IM Brasil + IM Cairns report

To say that I went around the globe in 2 weeks wouldn’t be an understatement. From Florianopolis, Brasil, to Cairns, Australia and back to Dubai, I feel like I’ve lost 4 days of life going back and forth on time zones and spending more time in airplanes than the entire 2016. While this was far from ideal for an optimal performance, it didn’t influence much how my races ended. The “airport” taper is not as bad as you would think.

IM BRASIL – SOUTH AMERICAN CHAMPIONSHIP

I rarely regret any trip, but my second time in Florianopolis wasn’t pleasant. After last year’s 5th place, I was confident that I could overcome the big changes in life (moving from the US to Dubai that is) and have somewhat of a solid race in Brasil but that was not the case. I can’t really blame anyone but myself for how the day unfolded: I had a great swim start but mentally I wasn’t there and after those initial adrenaline-fueled-meters, it was all downhill. The swim in Florianopolis is hard to sight – you can barely see any buoy out there and it’s extremely hard to swim straight if you are not on the front pack with the lead kayaker to sight off. I was left with another two athletes and the pace felt decent but we still lost about 3-4 minutes to the lead swimmers. After the swim, I just did not have what it takes to keep pushing for the remaining of the race, I ended up miscalculating/failing nutrition focus and I dropped out at the 34K because I really hit the wall. The reason why I regret going to Brasil is merely based on how I was feeling on the week leading up to it – I was far from excited to compete (at all, nothing against Brasil) and I just couldn’t snap out of that. Besides, I have a hard time with riding in the rain, more after living so long in non-rainy countries. On to Australia.

IM CAIRNS – ASIA-PACIFIC CHAMPIONSHIPS

Unlike Brasil, Ironman Cairns was a “new” race to me and I was somewhat excited to visit Australia for the first time. The country, the race venue, coure and environment didn’t disappoint my high expectations. Race day came by fast and I felt good physically despite all the travel and time change. You don’t do much between two Ironman races spaced in between two weeks, so I had no real indicator of how fit I was but I still excited to give it a good go. It always seem like “you were going to have a good go at it” until (lack of ) luck steps in the way.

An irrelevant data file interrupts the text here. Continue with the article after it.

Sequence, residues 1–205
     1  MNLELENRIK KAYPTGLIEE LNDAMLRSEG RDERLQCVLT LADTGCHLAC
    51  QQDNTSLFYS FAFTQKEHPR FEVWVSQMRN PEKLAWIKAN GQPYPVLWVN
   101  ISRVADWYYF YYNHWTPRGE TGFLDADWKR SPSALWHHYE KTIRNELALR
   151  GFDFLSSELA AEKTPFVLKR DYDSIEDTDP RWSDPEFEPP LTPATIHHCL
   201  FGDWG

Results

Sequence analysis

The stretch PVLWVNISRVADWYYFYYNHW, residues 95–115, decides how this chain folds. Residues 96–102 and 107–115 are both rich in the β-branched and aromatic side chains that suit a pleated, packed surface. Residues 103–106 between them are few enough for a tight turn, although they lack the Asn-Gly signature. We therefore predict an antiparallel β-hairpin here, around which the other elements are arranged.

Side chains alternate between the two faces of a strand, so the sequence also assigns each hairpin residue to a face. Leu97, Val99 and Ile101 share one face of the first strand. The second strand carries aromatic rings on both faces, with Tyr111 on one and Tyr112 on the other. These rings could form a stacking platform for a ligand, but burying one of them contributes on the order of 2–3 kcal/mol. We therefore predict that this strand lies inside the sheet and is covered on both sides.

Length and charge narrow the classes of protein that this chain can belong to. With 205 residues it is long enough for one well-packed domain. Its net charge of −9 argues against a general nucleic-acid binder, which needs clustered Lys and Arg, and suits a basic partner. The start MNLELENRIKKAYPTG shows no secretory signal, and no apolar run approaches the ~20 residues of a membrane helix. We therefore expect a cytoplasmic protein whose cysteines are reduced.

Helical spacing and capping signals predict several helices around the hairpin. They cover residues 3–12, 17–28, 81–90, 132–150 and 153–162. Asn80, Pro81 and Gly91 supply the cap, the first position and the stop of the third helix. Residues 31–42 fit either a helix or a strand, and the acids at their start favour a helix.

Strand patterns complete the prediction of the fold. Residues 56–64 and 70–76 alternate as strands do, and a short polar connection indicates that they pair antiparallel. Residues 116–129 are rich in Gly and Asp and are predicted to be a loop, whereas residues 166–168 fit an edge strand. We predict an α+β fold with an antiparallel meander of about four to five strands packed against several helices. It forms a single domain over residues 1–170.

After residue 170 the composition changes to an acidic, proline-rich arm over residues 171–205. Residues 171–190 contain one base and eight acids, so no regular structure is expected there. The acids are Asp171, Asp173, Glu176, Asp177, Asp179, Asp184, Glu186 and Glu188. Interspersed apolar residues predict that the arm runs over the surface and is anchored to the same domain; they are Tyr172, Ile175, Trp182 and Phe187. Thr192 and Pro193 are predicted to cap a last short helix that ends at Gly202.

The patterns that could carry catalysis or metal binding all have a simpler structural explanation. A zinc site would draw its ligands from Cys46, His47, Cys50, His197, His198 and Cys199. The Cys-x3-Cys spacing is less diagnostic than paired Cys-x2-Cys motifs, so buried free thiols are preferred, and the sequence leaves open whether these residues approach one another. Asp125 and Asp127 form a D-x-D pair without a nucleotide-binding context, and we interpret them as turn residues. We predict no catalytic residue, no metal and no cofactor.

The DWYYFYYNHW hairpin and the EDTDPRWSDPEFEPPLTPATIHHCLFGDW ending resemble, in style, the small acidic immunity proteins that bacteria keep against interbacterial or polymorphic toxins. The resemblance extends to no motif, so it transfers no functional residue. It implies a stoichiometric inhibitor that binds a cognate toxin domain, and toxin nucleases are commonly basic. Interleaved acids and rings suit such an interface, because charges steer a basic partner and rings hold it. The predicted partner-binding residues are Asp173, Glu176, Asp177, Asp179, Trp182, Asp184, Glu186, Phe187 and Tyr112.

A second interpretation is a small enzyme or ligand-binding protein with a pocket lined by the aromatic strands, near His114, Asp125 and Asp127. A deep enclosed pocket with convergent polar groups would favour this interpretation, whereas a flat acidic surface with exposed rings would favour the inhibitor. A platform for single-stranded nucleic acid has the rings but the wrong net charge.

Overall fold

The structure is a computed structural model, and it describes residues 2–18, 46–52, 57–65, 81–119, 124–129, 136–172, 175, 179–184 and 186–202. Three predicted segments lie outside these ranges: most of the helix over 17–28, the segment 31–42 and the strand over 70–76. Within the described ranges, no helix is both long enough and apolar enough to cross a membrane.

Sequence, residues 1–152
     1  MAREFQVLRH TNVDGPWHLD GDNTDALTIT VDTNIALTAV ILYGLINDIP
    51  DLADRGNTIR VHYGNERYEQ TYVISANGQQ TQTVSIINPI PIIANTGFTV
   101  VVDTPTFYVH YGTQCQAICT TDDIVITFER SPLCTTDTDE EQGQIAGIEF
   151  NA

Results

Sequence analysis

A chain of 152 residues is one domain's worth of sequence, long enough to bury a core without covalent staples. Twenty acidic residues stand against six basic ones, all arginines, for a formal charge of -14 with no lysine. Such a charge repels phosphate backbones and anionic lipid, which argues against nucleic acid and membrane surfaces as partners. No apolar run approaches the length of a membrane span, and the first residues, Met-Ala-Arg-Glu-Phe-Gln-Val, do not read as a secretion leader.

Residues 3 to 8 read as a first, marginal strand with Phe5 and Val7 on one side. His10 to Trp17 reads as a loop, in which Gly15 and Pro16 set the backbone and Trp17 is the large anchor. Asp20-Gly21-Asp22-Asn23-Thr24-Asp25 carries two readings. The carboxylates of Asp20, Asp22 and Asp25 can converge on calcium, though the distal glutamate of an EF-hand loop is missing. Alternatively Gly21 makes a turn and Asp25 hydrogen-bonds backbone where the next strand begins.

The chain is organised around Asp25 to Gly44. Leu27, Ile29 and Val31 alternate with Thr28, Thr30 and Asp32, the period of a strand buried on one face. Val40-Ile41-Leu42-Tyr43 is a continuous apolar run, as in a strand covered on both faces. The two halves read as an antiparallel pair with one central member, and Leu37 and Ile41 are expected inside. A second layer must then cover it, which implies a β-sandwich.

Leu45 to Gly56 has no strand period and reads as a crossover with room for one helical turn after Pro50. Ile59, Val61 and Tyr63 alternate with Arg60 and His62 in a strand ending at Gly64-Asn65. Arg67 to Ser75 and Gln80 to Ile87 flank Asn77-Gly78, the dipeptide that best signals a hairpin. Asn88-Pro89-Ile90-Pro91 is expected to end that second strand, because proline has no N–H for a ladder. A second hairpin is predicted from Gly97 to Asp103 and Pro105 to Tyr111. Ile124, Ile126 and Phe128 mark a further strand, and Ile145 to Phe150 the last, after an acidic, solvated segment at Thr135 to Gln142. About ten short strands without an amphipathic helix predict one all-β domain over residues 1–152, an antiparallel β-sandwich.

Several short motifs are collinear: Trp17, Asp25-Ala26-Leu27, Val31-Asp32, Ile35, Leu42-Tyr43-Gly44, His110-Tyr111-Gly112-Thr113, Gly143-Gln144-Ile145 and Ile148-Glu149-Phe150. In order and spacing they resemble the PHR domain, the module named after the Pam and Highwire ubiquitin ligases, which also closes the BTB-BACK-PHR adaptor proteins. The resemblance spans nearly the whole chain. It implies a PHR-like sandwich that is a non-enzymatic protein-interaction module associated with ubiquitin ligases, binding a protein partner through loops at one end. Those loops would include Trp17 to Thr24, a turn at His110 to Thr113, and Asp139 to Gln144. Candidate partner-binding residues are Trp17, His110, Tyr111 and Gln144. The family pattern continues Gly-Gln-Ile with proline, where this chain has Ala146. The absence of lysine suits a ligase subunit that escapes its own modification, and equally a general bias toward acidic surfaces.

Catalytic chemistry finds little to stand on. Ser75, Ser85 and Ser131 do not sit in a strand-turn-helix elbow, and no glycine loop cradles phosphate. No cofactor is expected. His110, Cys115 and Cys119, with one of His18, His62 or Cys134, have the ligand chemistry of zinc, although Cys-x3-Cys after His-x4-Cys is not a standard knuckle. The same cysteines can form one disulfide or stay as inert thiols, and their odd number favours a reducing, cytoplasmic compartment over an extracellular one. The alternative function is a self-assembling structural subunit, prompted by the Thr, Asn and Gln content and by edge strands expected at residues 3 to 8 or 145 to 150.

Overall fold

Fast forwarding to race day, I had another great swim start and this time I had my head in the game, ready to push when things got hard. The swim was extremely “bumpy” as the chop was quite high and while I swam surrounded by another 10 athletes, I don’t think we ever swam on a straight line or took much advantage of each others draft, it was the true feel of a washing machine the entire way. As I pushed my bike out of  T1, I was hearing a weird “rumbling” sound, like something was rubbing on the ground along me and soon to realize it was my shoe, with the pedal platform attached to it, dragged by rubber band that I used on my tri shoes to have them ready for transition. It was quite the shock when I realized what had happened: the axle of the pedal and the platform of the shoe had came apart. This was not a total surprise as it had happened to me once in training a few months ago – some kind of defect with the bolts holding the axle inside the platform – an issue I thought I had fixed back then. My guess is that from all the travel/dismount/mount/vibration of the trips, the bolt was off again and enough to make it through the pre-race ride but as soon as I took the bike off the rack in f T1, it fell off. To say that this was the most frustrating thing that has happened to me in recent years, would indeed be an understatement.

So there I was: out of T1, with everyone that I wanted to be and ready to push hard on the bike, just to have a pedal terminate my dreams. I still jumped on the bike, placed the platform back over the axle and started pedaling but because the axle doesn’t run all the way to the end of the platform, I could barely apply any force to it without slipping to the side. Needless to say, the next 5h10 of riding were pretty miserable – if 112 miles on the Ironman Cairns course are challenging, doing it with a flawed pedal is miserable. Initially I thought I wouldn’t loose too much time on the bike and kept going trying my best to hold a steady effort. But after 60K, my body was done with that “single-leg” effort. I did still make it back to T2, in a hope I could at least run – my mind was not ready to drop (again) out. However, by the time I got to T2, I just couldn’t walk straight, let alone run.

Overall it has been a choppy start of 2017: I moved across the pond, visited four continents and haven’t had a race that I could show off all the work I’ve done during the winter. It all felt like a waste of money, time and resources. Surely I’m disappointed I couldn’t race well or collect dividends back from all this investments, but I got to visit Brasil, Australia and the UK in the process, swim, bike and run on new and unique places, and you can never be sad about that. I’m back in Dubai and already thinking of what’s next. You don’t get many chances (or years) in this sport so you must never dwell on what went wrong and always take the most of what’s left. I now plan on racing Triatlon Vitoria-Gasteiz on July 9th as my next race.  

Pedro Gomes

Pedro Gomes is a professional triathlete made in Portugal, currently based in Dubai, UAE. He's also a certified Ironman triathlon coach and a self proclaimed donut connoisseur.